Importing Animal Food

In addition to staying compliant with US Customs, animal food is also regulated by two other government agencies upon importation: 1. USDA Assuming the animal food product is made out of meat (beef, lamb, pork, poultry), the importer will need to apply with the USDA for VS import permit (VS16-3). The importer can apply online…

Antidumping and Countervailing Duties

What are Anti-dumping and Countervailing Duties? Domestic U.S. industries have the right to petition with the U.S. government for relief from imports of products that they believe to be dumped (imported at less than “fair value”) and/or benefiting from foreign government subsidies.  The U.S. government has the ability to impose Anti-dumping and/or Countervailing duties respectively…

Importing Alcohol

Licensing/Documentation/Permits: 1. Basic Permit– Under the Federal Alcohol Administration Act, a Federal Basic Permit must be held by any person or business enterprise importing distilled spirits, wine, or malt beverages into the United States. The Basic Permit is good at any port in the United States and must be obtained prior to the first importation.…

Binding Rulings

If there is ambiguity with determining the HTS classification of a product, the importer can submit a binding ruling request to Customs. There are three ways submit a binding ruling request. You can file an e-binding ruling request yourself. Customs does not charge any fee for filing and they usually respond in 30 days. Here is…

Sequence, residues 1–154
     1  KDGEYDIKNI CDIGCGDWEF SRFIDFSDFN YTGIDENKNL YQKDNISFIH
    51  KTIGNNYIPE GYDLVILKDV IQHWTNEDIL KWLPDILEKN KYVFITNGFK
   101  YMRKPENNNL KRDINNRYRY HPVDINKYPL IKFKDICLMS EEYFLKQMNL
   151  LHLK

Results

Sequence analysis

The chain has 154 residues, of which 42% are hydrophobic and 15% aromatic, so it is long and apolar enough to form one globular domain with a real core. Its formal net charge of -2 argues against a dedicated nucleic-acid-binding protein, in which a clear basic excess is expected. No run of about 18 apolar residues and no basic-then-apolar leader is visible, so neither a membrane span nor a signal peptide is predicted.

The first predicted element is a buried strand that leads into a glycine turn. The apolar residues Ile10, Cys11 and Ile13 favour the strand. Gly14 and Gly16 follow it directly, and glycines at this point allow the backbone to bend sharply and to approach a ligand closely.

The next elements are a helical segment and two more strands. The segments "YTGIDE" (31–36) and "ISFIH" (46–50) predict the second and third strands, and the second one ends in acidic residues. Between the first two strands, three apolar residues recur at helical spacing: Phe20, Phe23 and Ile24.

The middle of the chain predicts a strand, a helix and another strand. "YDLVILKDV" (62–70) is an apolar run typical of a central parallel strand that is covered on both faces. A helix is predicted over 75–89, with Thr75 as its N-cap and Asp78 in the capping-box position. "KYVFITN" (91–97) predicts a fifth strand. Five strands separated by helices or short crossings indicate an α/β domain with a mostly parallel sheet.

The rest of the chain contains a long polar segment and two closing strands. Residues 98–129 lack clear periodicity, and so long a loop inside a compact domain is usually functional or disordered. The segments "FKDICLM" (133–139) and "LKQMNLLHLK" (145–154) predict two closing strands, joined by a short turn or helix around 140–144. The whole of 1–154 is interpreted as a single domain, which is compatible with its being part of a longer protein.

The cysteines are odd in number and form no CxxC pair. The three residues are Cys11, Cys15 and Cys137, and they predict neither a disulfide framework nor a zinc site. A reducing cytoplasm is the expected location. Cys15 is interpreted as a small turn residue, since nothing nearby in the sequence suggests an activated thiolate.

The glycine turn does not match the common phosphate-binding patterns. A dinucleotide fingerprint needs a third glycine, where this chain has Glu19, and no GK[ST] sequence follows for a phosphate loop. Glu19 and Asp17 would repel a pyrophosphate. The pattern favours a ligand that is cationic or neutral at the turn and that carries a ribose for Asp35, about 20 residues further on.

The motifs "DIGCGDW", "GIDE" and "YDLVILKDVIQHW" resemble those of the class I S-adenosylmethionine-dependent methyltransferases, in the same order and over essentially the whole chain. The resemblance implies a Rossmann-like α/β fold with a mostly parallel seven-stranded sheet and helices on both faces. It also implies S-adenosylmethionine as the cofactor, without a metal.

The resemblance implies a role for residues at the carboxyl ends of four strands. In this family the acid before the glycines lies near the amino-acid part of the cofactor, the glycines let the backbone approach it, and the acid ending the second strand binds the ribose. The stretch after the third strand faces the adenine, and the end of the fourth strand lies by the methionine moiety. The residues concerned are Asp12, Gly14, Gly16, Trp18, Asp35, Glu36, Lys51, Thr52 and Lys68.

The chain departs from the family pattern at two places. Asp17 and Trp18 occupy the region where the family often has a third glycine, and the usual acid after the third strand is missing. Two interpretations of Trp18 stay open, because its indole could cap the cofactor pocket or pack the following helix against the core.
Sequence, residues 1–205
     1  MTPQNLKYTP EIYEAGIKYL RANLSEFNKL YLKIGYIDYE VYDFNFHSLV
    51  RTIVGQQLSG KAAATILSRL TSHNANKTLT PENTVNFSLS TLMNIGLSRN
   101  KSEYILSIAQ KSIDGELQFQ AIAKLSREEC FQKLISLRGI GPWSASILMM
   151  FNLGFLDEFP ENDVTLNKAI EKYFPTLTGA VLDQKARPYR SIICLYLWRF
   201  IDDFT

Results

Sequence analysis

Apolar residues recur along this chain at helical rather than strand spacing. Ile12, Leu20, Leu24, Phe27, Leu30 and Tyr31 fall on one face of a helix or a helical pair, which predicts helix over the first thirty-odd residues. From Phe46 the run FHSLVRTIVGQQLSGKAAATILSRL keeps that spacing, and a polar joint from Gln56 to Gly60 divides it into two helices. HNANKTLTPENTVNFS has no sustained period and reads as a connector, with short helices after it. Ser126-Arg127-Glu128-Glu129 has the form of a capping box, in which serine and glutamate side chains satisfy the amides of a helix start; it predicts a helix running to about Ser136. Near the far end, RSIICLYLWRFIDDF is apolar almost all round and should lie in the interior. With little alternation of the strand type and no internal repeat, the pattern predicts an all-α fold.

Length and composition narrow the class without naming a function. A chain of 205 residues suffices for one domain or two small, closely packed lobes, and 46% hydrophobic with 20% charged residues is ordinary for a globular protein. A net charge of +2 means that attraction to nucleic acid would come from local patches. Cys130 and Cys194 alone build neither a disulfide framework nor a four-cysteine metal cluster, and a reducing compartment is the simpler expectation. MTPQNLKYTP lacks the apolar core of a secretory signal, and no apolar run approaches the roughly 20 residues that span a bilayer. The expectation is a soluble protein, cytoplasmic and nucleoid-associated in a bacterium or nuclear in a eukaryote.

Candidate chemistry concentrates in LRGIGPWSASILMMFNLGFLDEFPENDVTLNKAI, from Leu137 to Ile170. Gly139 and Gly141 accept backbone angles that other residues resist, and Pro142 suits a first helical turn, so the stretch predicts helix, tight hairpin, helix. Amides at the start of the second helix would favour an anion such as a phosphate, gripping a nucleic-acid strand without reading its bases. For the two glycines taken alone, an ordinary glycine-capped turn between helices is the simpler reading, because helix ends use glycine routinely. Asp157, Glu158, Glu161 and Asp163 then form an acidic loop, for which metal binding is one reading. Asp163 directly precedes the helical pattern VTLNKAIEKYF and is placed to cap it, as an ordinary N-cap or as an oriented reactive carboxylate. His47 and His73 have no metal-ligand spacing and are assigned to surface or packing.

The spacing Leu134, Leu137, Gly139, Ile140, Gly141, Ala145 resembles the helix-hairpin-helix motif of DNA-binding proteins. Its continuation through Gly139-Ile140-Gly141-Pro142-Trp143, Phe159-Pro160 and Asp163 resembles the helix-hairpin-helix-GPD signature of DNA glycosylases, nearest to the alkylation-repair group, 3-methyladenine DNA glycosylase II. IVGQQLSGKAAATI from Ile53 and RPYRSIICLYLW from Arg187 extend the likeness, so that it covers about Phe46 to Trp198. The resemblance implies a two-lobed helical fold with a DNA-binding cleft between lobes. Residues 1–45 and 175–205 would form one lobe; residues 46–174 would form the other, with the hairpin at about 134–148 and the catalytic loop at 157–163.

What is a Carnet?

Carnets are used to allow the temporary entry of items without having to pay duty or taxes.  This is particularly useful for when shipping tools/equipment, commercial samples, or goods for exhibitions and conventions. Carnets can be used in 86 countries (and counting).  A carnet is a physical document that acts like a passport for cargo.…

Importing Cosmetics

When importing cosmetics, the most important thing is to determine whether the product may also be considered a drug. If the importer makes any medical claims regarding the product, then it will be considered a drug. If it is a drug, importers likely will have much more difficulty importing the product. If it is only…

Importing toys and children’s products

All children’s products need to meet CPSC regulations. Specifically they need to meet CPSIA requirements regarding lead and possibly phthalate testing. (https://www.cpsc.gov/en/Business–Manufacturing/Business-Education/Business-Guidance/Phthalates-Information/) Testing must be done by a CPSIA certified laboratory. This can be done either by the importer or the factory. Most importers ask the factory to contract out work with a certified laboratory in…

Importing Facial Masks

FDA will refuse entry for items that make medical claims. Ingredients are not as important as the labeling and marketing of the product. For example, if a facial mask has labeling making “anti-acne” claims or lists ingredients that “can balance oil secretion”, FDA will not allow the shipment to clear unless the labeling is removed.…